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After 2008, the reputation of bankers took a nosedive, but are bankers really that bad?

Rahwan, Zoe and Fasolo, Barbara (2019) After 2008, the reputation of bankers took a nosedive, but are bankers really that bad? LSE Business Review (19 Dec 2019), pp. 1-3. Blog Entry.

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Abstract

“Honesty is the first chapter in the book of wisdom.” That’s what Thomas Jefferson, Founding Father and third president of the United States, once said. If that’s true, then you might think that bankers are stuck on the first page, such is the public perception of them. Following the 2008 global financial crisis, the reputation of bankers took a nosedive. Public scandals and negative press coverage portrayed bankers as greedy and dishonest. This was compounded by the findings of a Swiss study published in Nature in 2014, entitled “Business culture and dishonesty in the banking industry”. By using an experimental task, the authors of this study explored the culture of the banking industry to see if it made bankers more likely to act dishonestly to maximise profits compared to professionals from other industries. Their findings suggested bankers were more dishonest than other professions, when they were asked to think about their profession – which the researchers put down to the culture of the banking industry. These findings garnered plenty of press attention and further painted the banking sector in a negative light. We assembled a team of researchers from the Max Planck Institute for Human Development, the London School of Economics and Political Science and the Massachusetts Institute of Technology to see whether the study’s findings were the same across other countries and contexts.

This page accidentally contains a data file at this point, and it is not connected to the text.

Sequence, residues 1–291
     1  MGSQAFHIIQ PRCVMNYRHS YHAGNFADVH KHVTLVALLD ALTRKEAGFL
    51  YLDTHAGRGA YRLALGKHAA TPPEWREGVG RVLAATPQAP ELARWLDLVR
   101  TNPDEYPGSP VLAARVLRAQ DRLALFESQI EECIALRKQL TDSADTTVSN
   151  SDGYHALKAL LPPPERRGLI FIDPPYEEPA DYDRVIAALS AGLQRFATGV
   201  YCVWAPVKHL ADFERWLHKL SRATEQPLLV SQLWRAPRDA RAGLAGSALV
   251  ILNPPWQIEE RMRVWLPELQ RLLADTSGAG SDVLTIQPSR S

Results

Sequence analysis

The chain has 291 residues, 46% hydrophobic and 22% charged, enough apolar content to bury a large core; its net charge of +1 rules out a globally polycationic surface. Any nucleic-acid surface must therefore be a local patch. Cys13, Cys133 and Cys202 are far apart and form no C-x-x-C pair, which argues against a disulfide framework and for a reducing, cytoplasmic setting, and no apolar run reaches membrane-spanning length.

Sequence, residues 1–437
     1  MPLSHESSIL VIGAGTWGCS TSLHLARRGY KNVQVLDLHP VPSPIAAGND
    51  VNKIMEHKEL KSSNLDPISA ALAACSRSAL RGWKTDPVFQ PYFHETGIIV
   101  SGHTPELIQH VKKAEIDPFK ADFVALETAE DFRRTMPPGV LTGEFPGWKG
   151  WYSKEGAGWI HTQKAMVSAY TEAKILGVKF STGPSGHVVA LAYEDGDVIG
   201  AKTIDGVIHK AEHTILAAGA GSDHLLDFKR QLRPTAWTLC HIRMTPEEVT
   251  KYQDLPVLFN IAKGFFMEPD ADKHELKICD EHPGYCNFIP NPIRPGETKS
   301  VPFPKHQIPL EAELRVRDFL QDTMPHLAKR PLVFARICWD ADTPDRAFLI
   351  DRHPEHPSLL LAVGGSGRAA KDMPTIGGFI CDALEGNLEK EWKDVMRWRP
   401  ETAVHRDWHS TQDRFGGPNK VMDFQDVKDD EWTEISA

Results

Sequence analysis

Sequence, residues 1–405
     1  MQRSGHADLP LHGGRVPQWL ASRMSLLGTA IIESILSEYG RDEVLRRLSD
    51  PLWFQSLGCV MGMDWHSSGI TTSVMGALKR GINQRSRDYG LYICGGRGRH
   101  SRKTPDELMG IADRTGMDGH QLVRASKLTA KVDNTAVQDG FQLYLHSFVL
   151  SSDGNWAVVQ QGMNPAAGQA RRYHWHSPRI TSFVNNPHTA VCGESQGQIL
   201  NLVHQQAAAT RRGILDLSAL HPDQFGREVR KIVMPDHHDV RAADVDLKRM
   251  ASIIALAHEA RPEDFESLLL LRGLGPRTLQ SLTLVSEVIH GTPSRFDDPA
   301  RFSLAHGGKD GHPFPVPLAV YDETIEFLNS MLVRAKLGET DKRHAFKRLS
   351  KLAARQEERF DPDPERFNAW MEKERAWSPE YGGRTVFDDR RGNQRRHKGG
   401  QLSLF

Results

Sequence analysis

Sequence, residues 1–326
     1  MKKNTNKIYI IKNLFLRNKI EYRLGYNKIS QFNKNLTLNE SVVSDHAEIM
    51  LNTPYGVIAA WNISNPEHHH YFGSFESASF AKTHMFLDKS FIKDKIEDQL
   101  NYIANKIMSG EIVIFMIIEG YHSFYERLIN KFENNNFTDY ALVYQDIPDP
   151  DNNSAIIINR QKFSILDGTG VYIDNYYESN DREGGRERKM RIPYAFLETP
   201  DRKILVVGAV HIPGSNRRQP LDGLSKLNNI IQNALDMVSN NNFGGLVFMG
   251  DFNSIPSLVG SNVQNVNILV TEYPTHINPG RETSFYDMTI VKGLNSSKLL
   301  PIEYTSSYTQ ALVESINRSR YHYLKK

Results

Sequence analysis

Item Type: Online resource (Blog Entry)
Official URL: https://blogs.lse.ac.uk/businessreview/
Additional Information: © 2019 The Author(s)
Divisions: Management
Date Deposited: 13 Feb 2020 18:45
Last Modified: 05 Aug 2020 23:31
URI: http://eprints.lse.ac.uk/id/eprint/103375

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